Weird Method Signatures in Ruby with Keyword Arguments

Kwargs are great for helping developers understand a method signature, but if they're not used carefully they result in confusing error messages.

Weird Method Signatures in Ruby with Keyword Arguments
Photo by Joshua Fuller / Unsplash

In a recent project, I was working with a method call from a library that used some meta-programming to define a get method. I wasn't certain what the correct signature was, so I thought I'd try some things out.

# Success, got at 200!

I knew that the method accepted a request body but I wasn't sure how to pass the body. So I tried this next call.

api_client.get('my/path', 'body')
# => ArgumentError: wrong number of arguments (given 2, expected 1)

Okay, this tells me something, but I'm a bit confused. How did it expect one argument when I know a successful call can have more than one argument?

So I tried this, something you might recognize from a Ruby 2 project (more on that later):

api_client.get('my/path', { body: 'body' })
# => ArgumentError: wrong number of arguments (given 2, expected 1)

The same error! What does that tell us? It wasn't immediately obvious to me so I tried the next iteration:

api_client.get('my/path', body: 'body')
# Success, got at 200!

Let's break down what's happening here

  1. We're using a variable called api_client in this example. Pretend this is a wrapper that can make HTTP calls to a remote service.
  2. We're calling the get method which presumably uses HTTP GET to fetch data.
  3. The get method accepts a positional argument, a string, that represents the URL path we're fetching.

All good so far, right? The next step is where things get weird.

What is the next argument? I didn't know until I tried all the options. It turns out body: is a keyword argument, or kwarg, and it has a default. So the method signature must look something like this.

def get(path, body: {}, headers: {})
  # Perform get request

So what's with this error? ArgumentError: wrong number of arguments (given 2, expected 1) The method only requires one positional argument to work. So even though it can accept three arguments, it is only expecting one. The result is a message that is a bit misleading because you can correctly call the method with one, two, or three arguments, but the second and third need to be keywords.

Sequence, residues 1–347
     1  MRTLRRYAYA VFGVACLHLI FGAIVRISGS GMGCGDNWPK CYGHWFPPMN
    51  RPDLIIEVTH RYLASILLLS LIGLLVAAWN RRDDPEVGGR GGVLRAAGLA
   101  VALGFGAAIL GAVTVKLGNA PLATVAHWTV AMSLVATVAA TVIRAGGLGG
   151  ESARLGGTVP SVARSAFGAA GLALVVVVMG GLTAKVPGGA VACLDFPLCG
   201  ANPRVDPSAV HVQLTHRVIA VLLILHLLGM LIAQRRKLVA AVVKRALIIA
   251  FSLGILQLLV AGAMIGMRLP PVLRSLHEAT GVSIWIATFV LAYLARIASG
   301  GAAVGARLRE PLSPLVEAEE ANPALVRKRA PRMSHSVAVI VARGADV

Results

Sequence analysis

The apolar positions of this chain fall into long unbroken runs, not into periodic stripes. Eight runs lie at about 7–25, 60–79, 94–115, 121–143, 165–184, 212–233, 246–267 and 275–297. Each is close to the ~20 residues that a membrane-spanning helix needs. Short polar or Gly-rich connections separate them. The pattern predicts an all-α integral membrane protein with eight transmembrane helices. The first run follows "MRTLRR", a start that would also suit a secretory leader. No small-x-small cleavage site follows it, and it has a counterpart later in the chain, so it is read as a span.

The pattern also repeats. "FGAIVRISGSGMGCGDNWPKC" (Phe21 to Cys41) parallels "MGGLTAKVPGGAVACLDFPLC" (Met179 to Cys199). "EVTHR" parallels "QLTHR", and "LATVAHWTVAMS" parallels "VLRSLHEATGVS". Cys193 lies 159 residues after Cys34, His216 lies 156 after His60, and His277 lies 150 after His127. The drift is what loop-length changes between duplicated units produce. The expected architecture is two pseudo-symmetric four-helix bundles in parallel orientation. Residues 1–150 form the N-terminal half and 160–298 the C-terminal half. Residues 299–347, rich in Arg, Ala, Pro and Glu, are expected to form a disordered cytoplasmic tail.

Let's Make Things Weird

In Ruby land, especially applications that existed before Ruby 2, it is reasonable to see a method signature like this.

def get(path, options: {})
  body = options[:body]
  headers = options[:headers]
  # Perform get request

Calling this method can look the same as a call with kwargs because the curly braces around a hash in Ruby are optional. That's why I tried wrapping the second argument in a hash. I wanted to know if we were dealing with an options hash or a keyword.

As a consumer of an interface like this, it can take a bit of poking around to know if you're dealing with an options hash or keywords.

Let's Make Things Better

Kwargs are great for helping developers understand a method signature, but if they're not used carefully they result in confusing error messages.

To make this method call better, I'd suggest defining it entirely with kwargs and doing away with the positional argument.

def get(path:, body: {}, headers: {})
  # Perform GET

Let's see what usage looks like on this. Let's do something wild and call the method with no arguments.

# => ArgumentError: missing keyword: :path

Oh! That's helpful. I need to give it a path.

get(path: 'my/path')
# Success!

What about some obviously wrong method calls?

get(path: 'my/path', 'body')
# SyntaxError: unexpected ')', expecting =>
# get(path: 'my/path', 'body')

get(path: 'my/path', { body: 'body' })
# SyntaxError: unexpected ')', expecting =>
# get(path: 'my/path', { body: 'body' })

SyntaxError! Neat! Because Ruby knows this method needs keywords, it doesn't know how to parse these two calls. This prevents you from even calling the method at all.

Let's make a typo:

get(path: 'my/path', bdy: 'body')
# => ArgumentError: unknown keyword: :bdy

That's helpful too! It puts the typo right in front of my eyes.

And finally, let's use all keywords:

get(path: 'my/path', body: 'body' )
# Success!

But Why is it This Way? A History of Keyword Arguments in Ruby

Before keyword arguments existed in Ruby, the method signature would have had an options hash, as I noted above.

def get(path, options = {})
  headers = options[:headers]
  body = options[:body]
  # insert remaining http client code here